Second, kids our broken and sinful--just like us. Even kids exchange fall short of God’s glory and chase after the pleasures of the moment (Romans 3:23). Kids are always worshiping something. The better question to ask is, “What are our children worshiping?” Dolls (and other toys) are often idols competing for our kids' affections. If you don’t believe it, think about what happens when playtime is over and kids are called to sit in story circle. That can be one of the most difficult transitions in a classroom. We can't ignore the battle in our kids' hearts. So show kids that God is better than what they're longing for. Give them a picture of the silliness of toys compared to Jesus. He's better than Transformers, Minecraft, Princess Elsa, and Marvel. Sometimes I'll tell kids about the great toys I played with when I was their age. Then, I'll ask, "Where are they?" Some may be in my parents' attic. But most are rusting in a landfill. "But where is Jesus?" He's still with me. He'll never rust. He'll never leave me or forsake me. Even when I wear out, Jesus is there.


Show kids that Jesus is the hero of God’s story. Jesus said, “Let the children come to me. Don’t stop them! For the Kingdom of Heaven belongs to those who are like these children” (Matthew 19:14 NLT). When we talk about Jesus’ work of salvation in our classrooms, there are two errors we can often fall into. In children’s ministry, we often emphasize the ABCs: (A) Admit you are a sinner; (B) Believe in Jesus; and (C) Confess faith in Him. There is really nothing wrong with that (Romans 10:9-10). But salvation is more about what Christ has done than it is about what we do. One of our classroom teachers recently had every child in her class make a pennant with one of Jesus' names on it. I think she got the idea from Jack Klumpenhower's Show Them Jesus Each member of the class took time to look up a passage with that name and share something about what Jesus has done. It was a great way to teach kids that Jesus is the great Hero of the gospel story.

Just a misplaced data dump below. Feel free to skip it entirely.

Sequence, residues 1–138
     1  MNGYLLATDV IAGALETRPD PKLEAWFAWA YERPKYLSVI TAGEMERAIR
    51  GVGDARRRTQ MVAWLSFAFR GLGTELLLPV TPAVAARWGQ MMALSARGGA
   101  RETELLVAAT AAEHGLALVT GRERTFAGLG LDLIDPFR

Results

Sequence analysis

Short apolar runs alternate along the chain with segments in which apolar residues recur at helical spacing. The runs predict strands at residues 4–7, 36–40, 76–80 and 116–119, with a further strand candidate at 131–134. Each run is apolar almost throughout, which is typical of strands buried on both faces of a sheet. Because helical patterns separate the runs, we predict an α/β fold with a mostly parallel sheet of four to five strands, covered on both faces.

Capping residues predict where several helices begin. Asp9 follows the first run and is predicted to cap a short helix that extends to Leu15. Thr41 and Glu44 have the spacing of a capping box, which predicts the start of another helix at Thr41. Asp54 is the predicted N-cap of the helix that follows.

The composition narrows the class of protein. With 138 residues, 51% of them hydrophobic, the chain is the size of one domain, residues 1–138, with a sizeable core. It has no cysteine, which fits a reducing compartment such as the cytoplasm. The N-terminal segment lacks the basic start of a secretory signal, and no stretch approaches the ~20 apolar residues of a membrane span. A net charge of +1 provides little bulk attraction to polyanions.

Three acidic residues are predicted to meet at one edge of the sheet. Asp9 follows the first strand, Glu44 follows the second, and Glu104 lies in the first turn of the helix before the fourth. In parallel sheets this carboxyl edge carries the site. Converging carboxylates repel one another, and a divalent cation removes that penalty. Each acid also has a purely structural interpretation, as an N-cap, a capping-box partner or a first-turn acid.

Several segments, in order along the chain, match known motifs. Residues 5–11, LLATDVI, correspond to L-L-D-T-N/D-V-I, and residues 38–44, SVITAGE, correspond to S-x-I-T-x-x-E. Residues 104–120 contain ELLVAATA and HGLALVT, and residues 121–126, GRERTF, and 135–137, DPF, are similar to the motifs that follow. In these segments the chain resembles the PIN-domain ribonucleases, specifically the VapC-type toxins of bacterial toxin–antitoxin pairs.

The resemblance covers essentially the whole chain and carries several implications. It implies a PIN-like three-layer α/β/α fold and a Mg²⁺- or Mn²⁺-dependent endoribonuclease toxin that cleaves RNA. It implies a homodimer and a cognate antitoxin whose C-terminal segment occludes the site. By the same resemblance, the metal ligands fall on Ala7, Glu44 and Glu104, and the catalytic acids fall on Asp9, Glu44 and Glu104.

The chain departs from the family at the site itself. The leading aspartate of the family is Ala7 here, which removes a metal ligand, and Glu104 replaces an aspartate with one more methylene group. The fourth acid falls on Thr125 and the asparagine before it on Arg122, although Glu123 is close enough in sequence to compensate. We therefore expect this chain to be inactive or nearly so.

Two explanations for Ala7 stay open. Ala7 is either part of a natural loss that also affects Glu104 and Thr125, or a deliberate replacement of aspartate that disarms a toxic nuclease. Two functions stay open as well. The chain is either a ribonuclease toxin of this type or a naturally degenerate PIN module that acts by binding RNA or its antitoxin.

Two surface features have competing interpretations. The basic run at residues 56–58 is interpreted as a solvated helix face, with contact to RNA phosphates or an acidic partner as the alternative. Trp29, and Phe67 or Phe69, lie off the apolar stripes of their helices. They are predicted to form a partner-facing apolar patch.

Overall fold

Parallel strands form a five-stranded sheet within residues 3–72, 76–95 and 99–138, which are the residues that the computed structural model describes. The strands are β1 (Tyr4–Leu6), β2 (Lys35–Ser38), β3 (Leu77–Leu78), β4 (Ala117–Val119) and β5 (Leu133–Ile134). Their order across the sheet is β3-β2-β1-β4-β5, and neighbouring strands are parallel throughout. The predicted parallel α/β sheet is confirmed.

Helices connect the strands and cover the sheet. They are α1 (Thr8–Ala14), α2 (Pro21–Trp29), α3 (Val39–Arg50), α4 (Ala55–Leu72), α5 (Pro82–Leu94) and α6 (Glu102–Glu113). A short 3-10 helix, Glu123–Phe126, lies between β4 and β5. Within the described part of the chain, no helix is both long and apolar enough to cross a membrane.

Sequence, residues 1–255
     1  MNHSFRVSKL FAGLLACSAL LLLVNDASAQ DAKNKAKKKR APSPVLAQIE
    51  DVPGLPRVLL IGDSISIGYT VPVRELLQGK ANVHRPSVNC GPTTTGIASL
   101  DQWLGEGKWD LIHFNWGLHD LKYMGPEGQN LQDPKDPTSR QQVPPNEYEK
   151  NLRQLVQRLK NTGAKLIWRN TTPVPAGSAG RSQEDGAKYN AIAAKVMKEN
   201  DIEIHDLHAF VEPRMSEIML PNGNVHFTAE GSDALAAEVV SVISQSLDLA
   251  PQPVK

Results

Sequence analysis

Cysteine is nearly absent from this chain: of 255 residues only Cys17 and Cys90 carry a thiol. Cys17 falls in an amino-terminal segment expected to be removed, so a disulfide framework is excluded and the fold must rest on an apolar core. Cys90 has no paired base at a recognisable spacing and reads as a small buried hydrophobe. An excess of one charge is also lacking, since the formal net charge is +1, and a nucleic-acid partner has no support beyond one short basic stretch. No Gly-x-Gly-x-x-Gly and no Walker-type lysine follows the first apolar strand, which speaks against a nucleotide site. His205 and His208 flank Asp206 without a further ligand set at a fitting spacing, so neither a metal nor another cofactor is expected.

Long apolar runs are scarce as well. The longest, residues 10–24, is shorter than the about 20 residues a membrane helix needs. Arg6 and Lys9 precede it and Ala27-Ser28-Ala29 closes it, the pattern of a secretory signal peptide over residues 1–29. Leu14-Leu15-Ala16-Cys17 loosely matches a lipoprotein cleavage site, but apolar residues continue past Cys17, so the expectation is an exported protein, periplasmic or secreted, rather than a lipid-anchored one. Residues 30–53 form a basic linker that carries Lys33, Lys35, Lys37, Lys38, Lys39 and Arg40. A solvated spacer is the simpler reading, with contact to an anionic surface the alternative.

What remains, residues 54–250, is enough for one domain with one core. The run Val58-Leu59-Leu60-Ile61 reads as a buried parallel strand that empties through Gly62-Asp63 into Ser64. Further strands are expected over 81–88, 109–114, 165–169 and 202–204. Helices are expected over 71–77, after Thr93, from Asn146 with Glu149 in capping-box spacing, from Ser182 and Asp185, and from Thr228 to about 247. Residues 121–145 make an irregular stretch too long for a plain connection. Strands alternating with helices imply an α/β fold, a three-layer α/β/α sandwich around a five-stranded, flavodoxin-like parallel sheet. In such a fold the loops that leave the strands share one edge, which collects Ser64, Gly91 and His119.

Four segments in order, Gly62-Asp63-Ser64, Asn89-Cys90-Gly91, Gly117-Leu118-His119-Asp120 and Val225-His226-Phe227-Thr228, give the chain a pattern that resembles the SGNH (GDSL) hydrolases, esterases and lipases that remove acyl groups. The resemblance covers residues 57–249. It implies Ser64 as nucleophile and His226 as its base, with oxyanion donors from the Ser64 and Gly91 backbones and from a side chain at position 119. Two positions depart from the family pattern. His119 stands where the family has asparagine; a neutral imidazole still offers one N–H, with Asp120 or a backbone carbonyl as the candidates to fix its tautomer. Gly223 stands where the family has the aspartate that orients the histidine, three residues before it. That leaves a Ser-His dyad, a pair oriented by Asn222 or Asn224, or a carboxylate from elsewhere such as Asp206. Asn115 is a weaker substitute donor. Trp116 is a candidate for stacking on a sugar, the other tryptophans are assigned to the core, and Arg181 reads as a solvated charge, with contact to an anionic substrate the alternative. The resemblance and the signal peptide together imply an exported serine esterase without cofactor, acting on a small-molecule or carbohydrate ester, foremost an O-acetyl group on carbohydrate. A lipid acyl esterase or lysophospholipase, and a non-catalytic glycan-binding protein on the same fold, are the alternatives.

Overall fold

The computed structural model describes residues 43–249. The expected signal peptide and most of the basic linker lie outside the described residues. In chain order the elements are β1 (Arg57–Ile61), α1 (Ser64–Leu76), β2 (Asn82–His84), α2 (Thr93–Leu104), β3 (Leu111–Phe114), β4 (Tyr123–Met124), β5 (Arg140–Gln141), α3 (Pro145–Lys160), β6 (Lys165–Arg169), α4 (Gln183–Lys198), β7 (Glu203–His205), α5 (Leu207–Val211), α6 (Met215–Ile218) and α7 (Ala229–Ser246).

Finally, in light of the coming restoration, we should see kids are potential brothers and sisters in Christ. To be embraced by God’s redemption means we are adopted as God's child (Romans 8:15-17; Galatians 3:28-29; 4:3-7; Ephesians 1:5; 2:13-22; Colossians 1:12). If one of my daughters stands beside me in heaven (Revelation 7:9-12), it will not be as my daughter but as my redeemed sister (Luke 20:34-38). Seeing kids that way--in light of the end of the story--really changes the way we think about our classrooms.